Related Posts Plugin for WordPress, Blogger...

Osama bin Laden killed

We've had quite the active few days in religious news, eh? And we'll have many things to look at in media coverage from the days to come. In President Barack Obama's address to the nation about the killing of Osama bin Laden, he discussed bin Laden's religion and the effect of his actions on other Muslims. There's a lot to discuss there but not much to note with media coverage yet. Here's the portion of the speech in question:

As we do, we must also reaffirm that the United States is not --- and never will be --- at war with Islam. I've made clear, just as President Bush did shortly after 9/11, that our war is not against Islam. Bin Laden was not a Muslim leader; he was a mass murderer of Muslims. Indeed, al Qaeda has slaughtered scores of Muslims in many countries, including our own. So his demise should be welcomed by all who believe in peace and human dignity.

We also got the news that the Obama administration is working on what to do with the body of the deceased Islamist terrorist. Here's ABC News Jonathan Karl:

A senior administration official tells my colleague Jake Tapper this about the body: "We are ensuring it is handled in accordance with Islamic practice and tradition. It's something we take seriously and therefore it's being handled in an appropriate manner.?"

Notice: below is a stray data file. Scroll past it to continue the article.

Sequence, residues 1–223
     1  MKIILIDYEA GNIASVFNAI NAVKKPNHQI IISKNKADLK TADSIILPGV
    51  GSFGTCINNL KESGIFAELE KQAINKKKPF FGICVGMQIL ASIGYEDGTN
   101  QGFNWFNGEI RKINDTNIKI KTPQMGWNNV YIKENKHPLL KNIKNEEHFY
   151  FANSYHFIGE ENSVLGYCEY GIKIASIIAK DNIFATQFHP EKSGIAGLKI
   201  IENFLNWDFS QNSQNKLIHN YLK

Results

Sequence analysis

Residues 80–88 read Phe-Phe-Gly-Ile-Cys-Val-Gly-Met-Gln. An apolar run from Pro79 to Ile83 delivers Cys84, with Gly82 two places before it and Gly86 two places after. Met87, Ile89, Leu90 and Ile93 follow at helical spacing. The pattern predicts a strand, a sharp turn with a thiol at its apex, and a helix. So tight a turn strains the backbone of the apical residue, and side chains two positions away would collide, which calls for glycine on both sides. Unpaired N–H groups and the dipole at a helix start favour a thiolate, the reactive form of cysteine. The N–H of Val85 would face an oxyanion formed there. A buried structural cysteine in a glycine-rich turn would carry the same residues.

Under Islamic tradition, ABC's Zunaira Zaki reports, the body would be washed by Muslim men and buried as soon as possible, usually by the next prayer (Muslims pray five times a day), although there may be delays under certain circumstances (for autopsies, for example). The body is usually buried in a simple white sheet -- whether buried in the ground, or at sea.

Not bad for a seven sentence blog post, but this raises as many questions as it answers. I hope that reporters are brushing up on what Islam teaches about body handling as well as tension points with U.S. concerns other than autopsies.

Over at Faith & Reason at USA Today, Cathy Lynn Grossman discusses some of these religious themes and ethical issues. Incidentally, our own Sarah Pulliam Bailey will be blogging over there this week, too.

And since I've mentioned her, Sarah had a good roundup at Christianity Today of early Twitter reaction to the question: "How Should Christians Respond to Osama bin Laden's Death?" I'll be honest and admit that I felt happiness at the news delivered by President Obama. Not that I rejoice over the death of any man, particularly one who gave no indication of renouncing his ways while alive, but there is something good about learning that someone won't be able to kill any more innocent people. I know that my church has much to say on this topic and think it would make an excellent topic for a religion reporter out there.

So please let us know if you see any particularly good or bad treatment of religion angles. And let us know if you have ideas for good religion news stories to pursue.

Please respect our Commenting Policy